The California Department of Financial Protection and Innovation (DFPI) has issued a notice of rulemaking, seeking to incorporate changes to its debt collection license application after reviewing comments on the proposal. Interested parties have until July 12 to submit their comments on the new proposal.
The licensing law is scheduled to go into effect on Jan. 1, 2022. The proposed rules, if adopted, are expected to go into effect on November 19 of this year. Under the proposal, collectors would be able to apply for a license via the Nationwide Multistate Licensing System (NMLS). The application will have to include the applicant’s principal place of business, as well as all branch locations. Applicants will also have to carry a surety bond of $25,000.
Among the changes being proposed by the DFPI are:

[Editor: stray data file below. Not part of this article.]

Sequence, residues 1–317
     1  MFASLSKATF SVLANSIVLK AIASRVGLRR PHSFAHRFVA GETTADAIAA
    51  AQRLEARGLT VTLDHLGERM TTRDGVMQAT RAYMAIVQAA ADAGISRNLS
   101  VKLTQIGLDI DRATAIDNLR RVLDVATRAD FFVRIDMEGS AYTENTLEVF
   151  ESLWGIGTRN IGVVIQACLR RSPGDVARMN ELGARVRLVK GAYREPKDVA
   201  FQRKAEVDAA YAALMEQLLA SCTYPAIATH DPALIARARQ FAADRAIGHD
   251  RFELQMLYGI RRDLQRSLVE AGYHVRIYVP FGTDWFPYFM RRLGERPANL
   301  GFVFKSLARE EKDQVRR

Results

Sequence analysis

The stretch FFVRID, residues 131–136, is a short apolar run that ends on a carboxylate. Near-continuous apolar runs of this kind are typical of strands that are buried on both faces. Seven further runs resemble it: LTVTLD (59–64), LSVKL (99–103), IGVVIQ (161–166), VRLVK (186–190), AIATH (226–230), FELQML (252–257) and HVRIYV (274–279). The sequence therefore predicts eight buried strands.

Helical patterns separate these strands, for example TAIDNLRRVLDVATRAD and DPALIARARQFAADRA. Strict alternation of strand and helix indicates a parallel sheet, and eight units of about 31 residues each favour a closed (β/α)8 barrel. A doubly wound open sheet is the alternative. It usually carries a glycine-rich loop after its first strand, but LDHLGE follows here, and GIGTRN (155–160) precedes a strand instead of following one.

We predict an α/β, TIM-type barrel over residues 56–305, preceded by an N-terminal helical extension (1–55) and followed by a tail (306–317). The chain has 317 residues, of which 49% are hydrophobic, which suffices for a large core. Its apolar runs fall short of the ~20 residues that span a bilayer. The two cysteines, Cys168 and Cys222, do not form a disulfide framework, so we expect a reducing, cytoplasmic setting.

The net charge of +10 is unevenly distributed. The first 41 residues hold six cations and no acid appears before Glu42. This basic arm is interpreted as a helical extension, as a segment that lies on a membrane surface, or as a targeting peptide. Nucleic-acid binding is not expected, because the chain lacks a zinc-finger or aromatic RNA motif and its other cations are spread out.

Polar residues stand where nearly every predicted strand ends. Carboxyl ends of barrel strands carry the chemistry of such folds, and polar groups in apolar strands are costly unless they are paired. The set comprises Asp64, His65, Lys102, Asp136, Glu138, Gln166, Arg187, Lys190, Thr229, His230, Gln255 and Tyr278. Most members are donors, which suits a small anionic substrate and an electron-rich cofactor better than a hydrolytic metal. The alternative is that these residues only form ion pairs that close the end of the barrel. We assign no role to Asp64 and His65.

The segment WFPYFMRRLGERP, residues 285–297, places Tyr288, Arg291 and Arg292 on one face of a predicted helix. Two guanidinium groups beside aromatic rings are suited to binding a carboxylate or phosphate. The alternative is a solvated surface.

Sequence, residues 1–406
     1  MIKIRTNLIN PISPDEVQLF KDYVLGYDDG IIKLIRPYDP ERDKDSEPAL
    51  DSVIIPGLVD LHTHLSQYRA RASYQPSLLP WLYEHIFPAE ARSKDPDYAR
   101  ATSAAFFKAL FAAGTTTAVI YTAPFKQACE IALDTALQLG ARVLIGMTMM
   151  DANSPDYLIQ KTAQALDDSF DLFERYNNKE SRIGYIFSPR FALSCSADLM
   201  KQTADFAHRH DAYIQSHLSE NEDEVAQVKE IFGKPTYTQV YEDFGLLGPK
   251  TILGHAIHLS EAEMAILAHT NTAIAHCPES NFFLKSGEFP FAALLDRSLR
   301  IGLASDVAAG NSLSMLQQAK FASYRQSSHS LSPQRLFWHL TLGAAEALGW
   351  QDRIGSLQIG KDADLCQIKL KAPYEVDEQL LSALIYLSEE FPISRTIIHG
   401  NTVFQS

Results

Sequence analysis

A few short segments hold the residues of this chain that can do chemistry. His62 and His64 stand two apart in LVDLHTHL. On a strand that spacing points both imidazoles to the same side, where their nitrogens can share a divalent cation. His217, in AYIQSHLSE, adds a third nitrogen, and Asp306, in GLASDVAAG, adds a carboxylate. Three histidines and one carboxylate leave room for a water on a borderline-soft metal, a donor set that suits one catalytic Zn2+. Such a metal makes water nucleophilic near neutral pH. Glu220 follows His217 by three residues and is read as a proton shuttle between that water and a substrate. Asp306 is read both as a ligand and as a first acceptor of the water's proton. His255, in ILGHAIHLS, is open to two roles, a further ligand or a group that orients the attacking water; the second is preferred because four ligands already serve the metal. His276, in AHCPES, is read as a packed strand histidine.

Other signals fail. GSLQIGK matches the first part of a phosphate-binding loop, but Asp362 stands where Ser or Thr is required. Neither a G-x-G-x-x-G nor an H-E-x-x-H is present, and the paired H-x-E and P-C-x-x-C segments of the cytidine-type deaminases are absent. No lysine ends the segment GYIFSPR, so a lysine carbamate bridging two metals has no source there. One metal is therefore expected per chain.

- Changing how an “affiliate” and “applicant” are defined under the rule
- Removing the definition of “policies and procedures”
- Adding a section related to submitting documents in English or providing a translation if submitting a document in a different language
- Requiring certain forms to be submitted through the NMLS rather than be sent directly to the DFPI
- No longer requiring the submission or a passport for direct owners, executive officers, and indirect owners
- No longer requiring disclosure of the use of third parties to perform debt collection functions
- No longer requiring the submission of copies of all policies and procedures
- No longer requiring the submission of the total dollar amount of debt collected from consumers to determine whether a higher surety bond is required
- No longer requiring a higher surety bond